HOW TO APPLY THE 10-10-10 RULE
The next time you come face to face with a tough decision to put yourself in a vulnerable situation, go through this mental exercise. 
Asking your boss for a 10% raise
How will you feel about the decision 10 minutes after?
Either elated because you now have a raise, or a little bit embarrassed, but also maybe with a bit of clarity that you should test the job market to see if you'll find someone else who values you.
10 months after - you could be 10% richer or you could be happy in a new position somewhere else.
10 years after - you could have found that asking for a raise put you on a better career path within your company, or glad that you didn't waste your years in a company that didn't value you.
The same can be applied to every one of those scenarios. The hard decision, the one that puts you in a vulnerable situation, almost always looks like the better choice once you take the time to look at the big picture.
You can also use the 10-10-10 rule to achieve any one of your many goals.
Going to the gym
10 minutes from now - you may be suffering a little going through your workout, but ultimately you'll be proud of yourself for going. Or you may be happy that you got the day off, but maybe feeling guilty that you skipped your workout.
10 months from now - you may have developed the habit of exercising regularly, or feeling stuck and ashamed that you haven't made any progress.
10 years from now - you may have finally achieved the body that you have always wanted, or maybe suffering some long-term health consequences of not exercising regularly.
Choosing to study rather than procrastinate
10 minutes from now - perhaps a little bored with the studying, but glad that you're making progress. Or feeling entertained by whatever you're procrastinating with, but also a little stressed about the test coming up.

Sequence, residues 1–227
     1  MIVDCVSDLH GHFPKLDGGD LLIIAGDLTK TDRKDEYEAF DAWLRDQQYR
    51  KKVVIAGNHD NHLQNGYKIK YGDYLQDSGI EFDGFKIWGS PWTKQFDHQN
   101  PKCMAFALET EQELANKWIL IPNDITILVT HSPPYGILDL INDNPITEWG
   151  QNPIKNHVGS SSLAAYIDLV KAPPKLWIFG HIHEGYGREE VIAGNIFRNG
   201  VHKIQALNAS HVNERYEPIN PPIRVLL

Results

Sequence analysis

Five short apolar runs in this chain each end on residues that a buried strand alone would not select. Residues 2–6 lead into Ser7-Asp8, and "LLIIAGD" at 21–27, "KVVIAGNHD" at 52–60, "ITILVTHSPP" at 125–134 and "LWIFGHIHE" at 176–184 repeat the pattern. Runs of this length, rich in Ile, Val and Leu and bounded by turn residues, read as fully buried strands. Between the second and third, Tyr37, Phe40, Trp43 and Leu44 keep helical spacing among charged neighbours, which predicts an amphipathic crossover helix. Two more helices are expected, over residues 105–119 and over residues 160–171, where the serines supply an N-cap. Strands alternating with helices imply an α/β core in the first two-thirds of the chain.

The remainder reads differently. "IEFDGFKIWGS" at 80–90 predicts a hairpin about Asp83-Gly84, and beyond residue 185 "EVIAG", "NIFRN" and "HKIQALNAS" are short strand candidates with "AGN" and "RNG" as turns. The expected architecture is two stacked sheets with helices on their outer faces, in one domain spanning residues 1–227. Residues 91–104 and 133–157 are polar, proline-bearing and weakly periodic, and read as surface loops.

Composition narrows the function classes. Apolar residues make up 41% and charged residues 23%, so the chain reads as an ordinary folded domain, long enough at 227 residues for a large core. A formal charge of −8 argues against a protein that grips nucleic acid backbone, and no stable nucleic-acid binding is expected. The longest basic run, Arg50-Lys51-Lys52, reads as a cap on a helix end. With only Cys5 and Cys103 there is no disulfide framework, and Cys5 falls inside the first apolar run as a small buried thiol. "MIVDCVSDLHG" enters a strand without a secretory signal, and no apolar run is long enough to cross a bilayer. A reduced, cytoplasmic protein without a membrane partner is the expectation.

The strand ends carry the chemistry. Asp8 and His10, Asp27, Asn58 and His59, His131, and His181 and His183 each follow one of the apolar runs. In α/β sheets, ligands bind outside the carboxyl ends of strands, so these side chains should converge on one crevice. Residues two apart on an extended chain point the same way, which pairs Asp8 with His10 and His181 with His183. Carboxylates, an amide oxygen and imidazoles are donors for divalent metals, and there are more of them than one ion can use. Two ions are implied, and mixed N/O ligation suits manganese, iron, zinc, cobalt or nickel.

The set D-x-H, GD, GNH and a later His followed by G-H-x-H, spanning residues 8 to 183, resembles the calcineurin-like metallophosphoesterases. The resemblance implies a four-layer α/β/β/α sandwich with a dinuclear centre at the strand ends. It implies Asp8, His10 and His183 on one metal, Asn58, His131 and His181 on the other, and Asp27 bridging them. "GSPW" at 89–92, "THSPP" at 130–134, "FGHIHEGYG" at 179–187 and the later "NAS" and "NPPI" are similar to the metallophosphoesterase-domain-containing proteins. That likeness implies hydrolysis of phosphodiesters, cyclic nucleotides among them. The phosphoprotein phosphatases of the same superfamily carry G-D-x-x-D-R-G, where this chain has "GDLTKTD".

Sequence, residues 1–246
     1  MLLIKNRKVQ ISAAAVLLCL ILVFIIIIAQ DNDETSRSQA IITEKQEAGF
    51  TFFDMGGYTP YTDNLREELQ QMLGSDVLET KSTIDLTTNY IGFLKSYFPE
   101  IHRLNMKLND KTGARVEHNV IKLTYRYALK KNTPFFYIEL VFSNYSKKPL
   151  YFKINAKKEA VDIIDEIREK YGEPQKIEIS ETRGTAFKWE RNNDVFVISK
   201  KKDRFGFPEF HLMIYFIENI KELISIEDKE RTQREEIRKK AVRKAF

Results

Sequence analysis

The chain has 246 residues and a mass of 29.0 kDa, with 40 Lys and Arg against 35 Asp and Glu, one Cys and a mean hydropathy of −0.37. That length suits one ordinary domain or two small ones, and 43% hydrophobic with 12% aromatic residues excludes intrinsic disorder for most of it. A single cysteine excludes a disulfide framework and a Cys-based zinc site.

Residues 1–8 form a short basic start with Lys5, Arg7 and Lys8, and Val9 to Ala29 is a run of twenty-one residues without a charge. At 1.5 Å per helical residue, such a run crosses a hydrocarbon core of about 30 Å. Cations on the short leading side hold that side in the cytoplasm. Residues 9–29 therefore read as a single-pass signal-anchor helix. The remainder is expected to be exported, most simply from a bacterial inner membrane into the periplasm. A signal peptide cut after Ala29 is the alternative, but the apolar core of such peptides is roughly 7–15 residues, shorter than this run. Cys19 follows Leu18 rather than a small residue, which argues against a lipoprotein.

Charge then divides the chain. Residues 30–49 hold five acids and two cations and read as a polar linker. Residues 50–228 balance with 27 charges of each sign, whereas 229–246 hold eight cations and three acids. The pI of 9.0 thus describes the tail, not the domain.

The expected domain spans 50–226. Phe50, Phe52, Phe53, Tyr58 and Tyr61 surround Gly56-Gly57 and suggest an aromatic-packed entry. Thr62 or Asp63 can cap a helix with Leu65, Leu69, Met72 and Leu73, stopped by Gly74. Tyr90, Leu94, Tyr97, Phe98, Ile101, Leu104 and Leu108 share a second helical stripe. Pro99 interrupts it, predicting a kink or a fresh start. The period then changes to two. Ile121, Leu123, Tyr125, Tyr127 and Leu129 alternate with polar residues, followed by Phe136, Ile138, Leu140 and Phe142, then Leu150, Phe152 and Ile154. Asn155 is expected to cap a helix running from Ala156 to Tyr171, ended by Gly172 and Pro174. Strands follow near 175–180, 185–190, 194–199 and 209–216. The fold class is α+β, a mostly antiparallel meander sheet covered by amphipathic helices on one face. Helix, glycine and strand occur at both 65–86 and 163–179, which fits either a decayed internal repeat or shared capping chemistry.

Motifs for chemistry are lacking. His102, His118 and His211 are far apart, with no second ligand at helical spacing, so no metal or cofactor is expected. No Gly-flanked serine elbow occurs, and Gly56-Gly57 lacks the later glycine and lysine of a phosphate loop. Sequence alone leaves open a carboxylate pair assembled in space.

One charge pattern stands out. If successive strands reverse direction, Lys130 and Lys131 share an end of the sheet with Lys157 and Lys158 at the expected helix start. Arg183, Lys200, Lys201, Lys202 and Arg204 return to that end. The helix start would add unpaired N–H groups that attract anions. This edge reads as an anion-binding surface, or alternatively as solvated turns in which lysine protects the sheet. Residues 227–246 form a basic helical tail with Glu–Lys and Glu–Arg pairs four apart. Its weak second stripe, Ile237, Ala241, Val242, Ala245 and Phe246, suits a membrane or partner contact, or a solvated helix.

10 months from now - the grade that you got, whether good or bad, is now a permanent mark on your record. So you hope that you did what you could to ensure it was a good one.
10 years from now - it probably didn't make a whole lot of difference, but it could have been the difference between getting into a school you wanted and settling for your second choice. This could have led you on two very different life paths.
From this new perspective, it becomes much easier to use your willpower to make the right decision.
You might hate every single minute leading up to putting yourself out there, but the 10-10-10 rule will remind you that it is not going to be as big of a deal as you currently imagine.
You might despise every one of those first 10 minutes in the gym, or be completely bored studying, but the 10-10-10 rule will remind you that the results will be worth it in the end.
This doesn't mean that making the right decision will be easy, but reminding yourself that what you do today will have consequences - good or bad - for yourself 10 minutes, 10 months and 10 years from now will give you more willpower to decide correctly.
Going through the scenarios in your head will be fine, but it will work even better to put your ideas on paper. It will allow you to see much more clearly just how much better life will be for you in the long-term if you summon the willpower to make the right decision.
Making the right decision can be tough. We envision all of the nightmare scenarios that could possibly go wrong. When we are thinking about whether or not to "put ourselves out there" we get a distorted view of the risks and potential benefits.
But, when we look at the situation from 10 minutes, 10 months and 10 years from now, we see how insignificant the downsides are and how potentially big the upsides are! So the next time you're afraid to be vulnerable, go through the 10-10-10 exercise. You may just find it easier to summon the willpower you need!
- Beisswanger, A., Stone, E., Hupp, J., & Allgaier, L. (2003). Risk Taking in Relationships: Differences in Deciding for Oneself Versus for a Friend. Basic and Applied Social Psychology, 121-135.
- Welch, S. (2010). 10-10-10: A Fast and Powerful Way to Get Unstuck in Love, at Work, and with Your Family. Scribner.